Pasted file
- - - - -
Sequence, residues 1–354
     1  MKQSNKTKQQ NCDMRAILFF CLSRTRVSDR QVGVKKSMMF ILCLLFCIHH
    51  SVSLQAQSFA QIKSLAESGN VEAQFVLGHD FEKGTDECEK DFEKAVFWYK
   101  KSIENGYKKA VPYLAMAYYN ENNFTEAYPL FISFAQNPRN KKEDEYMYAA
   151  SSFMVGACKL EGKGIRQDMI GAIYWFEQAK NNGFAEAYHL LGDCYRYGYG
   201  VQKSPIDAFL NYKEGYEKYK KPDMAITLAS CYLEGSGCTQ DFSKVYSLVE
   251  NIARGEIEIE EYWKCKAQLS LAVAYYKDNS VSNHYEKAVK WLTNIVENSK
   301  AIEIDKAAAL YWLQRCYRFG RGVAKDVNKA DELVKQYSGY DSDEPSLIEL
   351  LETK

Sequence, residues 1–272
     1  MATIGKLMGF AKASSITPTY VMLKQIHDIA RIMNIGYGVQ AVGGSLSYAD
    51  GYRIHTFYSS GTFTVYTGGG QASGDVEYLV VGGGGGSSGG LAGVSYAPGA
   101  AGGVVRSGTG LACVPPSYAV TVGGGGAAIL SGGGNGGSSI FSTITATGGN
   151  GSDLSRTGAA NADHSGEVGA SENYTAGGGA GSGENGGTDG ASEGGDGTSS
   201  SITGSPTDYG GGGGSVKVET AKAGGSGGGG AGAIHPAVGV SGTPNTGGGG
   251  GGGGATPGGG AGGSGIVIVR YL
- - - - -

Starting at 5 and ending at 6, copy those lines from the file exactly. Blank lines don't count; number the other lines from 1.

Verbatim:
   151  SSFMVGACKL EGKGIRQDMI GAIYWFEQAK NNGFAEAYHL LGDCYRYGYG
   201  VQKSPIDAFL NYKEGYEKYK KPDMAITLAS CYLEGSGCTQ DFSKVYSLVE